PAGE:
We are well into the 21st Century. That still seems a bit strange when I say it or write it. I'm a product of the 20th Century and, most likely, so are you. While I'm not officially a “Baby Boomer,” I was born a year earlier than the Boomer generation has been defined to begin, I still grew up as part of that generation. Those were good times and those were bad times. Those of us who are Boomers were initially defined by the aftermath of the Great Depression and World War II.
Our parents wanted us to have better lives than they had. That's not unusual. I believe all parents since the beginning of time want their offspring to have lives better than they had. That's probably never been truer than during the past couple centuries as technology advanced at ever more accelerating rates. Those of us born in the 40's were actually around before or at the time the first 12” 33 1/3 and 7” 45 rpm phonograph records were introduced. Since then we've gone through those records, the 4 track and 8 track cartridge, the compact audio cassette, the CD, the Philips Digital Cassette, Digital Audio Tape (DAT), flash memory mp3 players, the iPod and now streaming and downloadable music formats. And that's just one small facet of our ever expanding technological world.
There are two many industries, technologies and advances to begin to explore them in this article. The fact remains, the world has changed exponentially over the past 70 years I've been around. So, too, have our expectations of what our lives should be. In the later 40's and 50's the average home was about 900 square feet. In 2015 the average home size is about 2,700 square feet. That's three times as large. The cost for the average home in the 40's was between $4,000 and $5,000. Today, in many areas of the U.S. the average starter home is well into the low to approaching the mid six figures. And for a nicer home in a good neighborhood in some markets, the price can exceed a million dollars.
Part of our youth, and this goes for our generation and the generations after ours, was spent developing big dreams and bigger expectations. It may not have seemed like it at the time. We had a limited frame of reference back then. But, we all wanted great careers, high paying jobs, job security, bigger and bigger houses, maybe two houses, big, flashy, fast cars (those became SUVs), fine clothes, exotic vacations, a fat retirement pension building so we could retire in leisure . . . and toys, lots of toys. We wanted it all. And why not? Our parents, our teachers, the newfangled television, glossy color magazines and catalogs, sales people in growing car dealerships, real estate offices and glitzy department stores told us we could have it all.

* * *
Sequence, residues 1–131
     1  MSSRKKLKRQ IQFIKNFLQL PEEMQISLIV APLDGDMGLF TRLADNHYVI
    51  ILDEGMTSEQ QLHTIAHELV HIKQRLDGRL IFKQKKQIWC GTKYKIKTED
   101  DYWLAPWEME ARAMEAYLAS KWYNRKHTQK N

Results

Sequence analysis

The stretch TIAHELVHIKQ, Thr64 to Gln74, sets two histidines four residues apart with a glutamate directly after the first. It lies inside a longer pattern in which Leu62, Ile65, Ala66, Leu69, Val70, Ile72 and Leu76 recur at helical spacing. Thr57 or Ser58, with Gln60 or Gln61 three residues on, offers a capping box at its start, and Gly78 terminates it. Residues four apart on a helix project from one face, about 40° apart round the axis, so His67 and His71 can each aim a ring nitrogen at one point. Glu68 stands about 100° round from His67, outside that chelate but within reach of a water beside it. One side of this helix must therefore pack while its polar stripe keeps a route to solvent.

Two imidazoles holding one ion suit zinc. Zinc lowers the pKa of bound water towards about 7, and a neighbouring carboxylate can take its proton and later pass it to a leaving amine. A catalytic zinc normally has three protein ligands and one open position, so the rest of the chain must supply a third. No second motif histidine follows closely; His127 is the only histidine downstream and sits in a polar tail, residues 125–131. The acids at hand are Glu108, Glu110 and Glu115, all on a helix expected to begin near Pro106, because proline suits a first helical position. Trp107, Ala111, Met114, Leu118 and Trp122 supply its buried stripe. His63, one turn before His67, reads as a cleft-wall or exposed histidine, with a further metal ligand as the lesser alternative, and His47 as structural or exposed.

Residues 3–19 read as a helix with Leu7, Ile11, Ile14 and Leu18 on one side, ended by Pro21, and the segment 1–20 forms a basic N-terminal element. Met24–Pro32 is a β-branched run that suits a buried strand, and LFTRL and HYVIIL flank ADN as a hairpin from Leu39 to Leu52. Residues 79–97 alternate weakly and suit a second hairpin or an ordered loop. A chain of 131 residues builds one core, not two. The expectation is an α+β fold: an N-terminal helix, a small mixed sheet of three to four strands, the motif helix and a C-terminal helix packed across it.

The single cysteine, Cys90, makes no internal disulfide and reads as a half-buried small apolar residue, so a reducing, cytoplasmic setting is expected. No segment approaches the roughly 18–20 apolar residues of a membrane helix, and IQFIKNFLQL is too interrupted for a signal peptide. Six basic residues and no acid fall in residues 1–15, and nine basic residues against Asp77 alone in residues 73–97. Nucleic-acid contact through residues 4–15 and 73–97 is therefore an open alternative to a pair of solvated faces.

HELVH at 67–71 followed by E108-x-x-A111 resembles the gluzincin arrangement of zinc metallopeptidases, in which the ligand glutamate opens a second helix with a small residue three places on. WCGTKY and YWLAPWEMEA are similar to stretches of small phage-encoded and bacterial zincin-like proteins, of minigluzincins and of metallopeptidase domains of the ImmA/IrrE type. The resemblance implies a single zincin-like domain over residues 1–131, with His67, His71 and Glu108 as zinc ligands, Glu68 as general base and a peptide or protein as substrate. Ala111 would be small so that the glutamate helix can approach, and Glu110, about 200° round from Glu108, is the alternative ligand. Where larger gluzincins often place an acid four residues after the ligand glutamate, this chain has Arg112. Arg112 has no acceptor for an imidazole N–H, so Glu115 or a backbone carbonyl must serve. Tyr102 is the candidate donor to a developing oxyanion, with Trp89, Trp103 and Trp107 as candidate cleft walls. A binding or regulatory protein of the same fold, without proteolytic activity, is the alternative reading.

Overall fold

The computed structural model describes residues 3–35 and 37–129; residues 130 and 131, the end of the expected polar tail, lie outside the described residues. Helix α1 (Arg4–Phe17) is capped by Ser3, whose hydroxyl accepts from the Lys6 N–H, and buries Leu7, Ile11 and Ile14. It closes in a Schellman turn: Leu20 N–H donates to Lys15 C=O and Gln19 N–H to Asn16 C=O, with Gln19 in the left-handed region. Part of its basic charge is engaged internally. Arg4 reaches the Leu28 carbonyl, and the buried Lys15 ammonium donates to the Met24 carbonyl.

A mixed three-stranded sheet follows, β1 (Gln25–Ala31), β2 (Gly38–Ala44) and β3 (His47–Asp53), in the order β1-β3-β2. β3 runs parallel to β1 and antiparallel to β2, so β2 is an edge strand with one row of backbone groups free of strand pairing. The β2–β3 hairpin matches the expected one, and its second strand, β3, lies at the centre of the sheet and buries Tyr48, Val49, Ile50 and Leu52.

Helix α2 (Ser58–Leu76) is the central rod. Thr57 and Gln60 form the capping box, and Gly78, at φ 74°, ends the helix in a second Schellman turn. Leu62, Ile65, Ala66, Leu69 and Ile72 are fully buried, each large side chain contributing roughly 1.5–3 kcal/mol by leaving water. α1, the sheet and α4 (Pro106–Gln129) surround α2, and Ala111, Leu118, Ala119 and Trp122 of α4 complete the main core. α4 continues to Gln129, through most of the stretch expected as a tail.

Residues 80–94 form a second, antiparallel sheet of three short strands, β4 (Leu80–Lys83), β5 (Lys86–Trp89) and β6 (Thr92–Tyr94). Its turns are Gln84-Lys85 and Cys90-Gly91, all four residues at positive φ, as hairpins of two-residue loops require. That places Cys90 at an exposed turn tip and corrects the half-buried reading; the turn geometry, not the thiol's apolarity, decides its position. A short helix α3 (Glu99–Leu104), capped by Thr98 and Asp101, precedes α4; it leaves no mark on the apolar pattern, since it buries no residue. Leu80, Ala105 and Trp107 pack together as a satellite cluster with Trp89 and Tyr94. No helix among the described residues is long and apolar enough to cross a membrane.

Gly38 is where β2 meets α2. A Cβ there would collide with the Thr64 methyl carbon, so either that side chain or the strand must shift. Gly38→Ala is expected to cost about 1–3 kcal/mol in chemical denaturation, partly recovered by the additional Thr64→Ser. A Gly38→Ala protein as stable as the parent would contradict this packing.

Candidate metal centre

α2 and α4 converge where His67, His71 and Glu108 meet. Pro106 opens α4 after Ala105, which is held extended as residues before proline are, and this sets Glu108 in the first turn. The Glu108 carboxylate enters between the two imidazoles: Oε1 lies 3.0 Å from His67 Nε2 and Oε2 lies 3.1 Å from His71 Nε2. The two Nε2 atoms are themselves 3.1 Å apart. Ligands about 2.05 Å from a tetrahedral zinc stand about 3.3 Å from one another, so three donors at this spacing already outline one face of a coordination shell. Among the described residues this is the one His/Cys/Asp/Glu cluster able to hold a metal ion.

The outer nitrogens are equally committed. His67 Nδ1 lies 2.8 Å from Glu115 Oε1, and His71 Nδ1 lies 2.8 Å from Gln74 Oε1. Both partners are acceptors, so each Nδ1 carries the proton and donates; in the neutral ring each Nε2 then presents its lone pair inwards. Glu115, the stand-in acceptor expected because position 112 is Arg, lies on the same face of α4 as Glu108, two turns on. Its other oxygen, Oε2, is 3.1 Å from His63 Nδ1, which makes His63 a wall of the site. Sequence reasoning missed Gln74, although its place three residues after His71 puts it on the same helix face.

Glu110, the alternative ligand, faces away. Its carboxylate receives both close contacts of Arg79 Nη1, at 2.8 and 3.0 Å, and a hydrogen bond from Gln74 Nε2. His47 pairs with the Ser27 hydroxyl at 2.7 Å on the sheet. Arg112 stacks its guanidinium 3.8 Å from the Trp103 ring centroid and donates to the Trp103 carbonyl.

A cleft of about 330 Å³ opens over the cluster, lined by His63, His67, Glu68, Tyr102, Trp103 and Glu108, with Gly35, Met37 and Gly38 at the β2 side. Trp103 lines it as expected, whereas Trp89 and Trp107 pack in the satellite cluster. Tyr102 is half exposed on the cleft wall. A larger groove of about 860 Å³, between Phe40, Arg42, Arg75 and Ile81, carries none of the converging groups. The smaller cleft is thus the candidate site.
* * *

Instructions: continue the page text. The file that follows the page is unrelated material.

That Was Then, This Is Now
Well, here we are, several wars later, several recessions later and several changes in industry later. We saw computers go from huge room sized monster machines that sent us cards saying “Do Not Bend, Fold, Spindle or Mutilate” to where most of us have a computer in our pocket that has not only replaced the old black, dial telephone, but is far more powerful by magnitudes than those huge monster computers or even the computers that sent men to the moon and brought them back safely.
Some of us made lots of money, more money, with more zeros, than we even learned in elementary school arithmetic. We've lived in fine, huge homes exceeding 5,000, 10,000 and even 25,000 square feet on huge parcels of land in expensive locations. Some of us have had it all.
Most of us did pretty well. For the most part, we lived considerably better than our parents, acquired a lot of what we wanted and had decent lives. Of course, we worked our asses off to achieve all this. We put in long hours. Some spent way too much time in rush hour congestion and gridlock. We needed both partners in a marriage to work to support the lifestyle. And we invented the term, “Latch-key Children.”
So, here's the point. Was it all REALLY worth it? As you review your life, and we all should do that periodically, can you say you truly met your expectations in life? Did you have a career or jobs that were fulfilling? Do you feel you did or are making a difference in the world and lives you touch? Will you be remembered for anything in particular? Did you or do you really need the huge house and multiple expensive cars, toys, etc. that required you to keep working your ass off to acquire and support them and then watch them become obsolete and depreciate and possibly become albatrosses?
Here's the thing. Some of you may feel fulfilled and feel like your expectations have been met and fulfilled. Unfortunately, the facts seem to indicate that we had misplaced values. We placed values in things and not people and experiences. We ended up living in cocoons of our own making and relationships suffered. Our divorce rates increased massively and family dysfunction grew exponentially. Alcohol, prescription drugs and recreational drugs became our friends to help reduce the emotional and psychological pain of the stress of high pressure jobs, debt, crumbling relationships, sitting in traffic or riding on public transportation for, what seemed like, endless hours.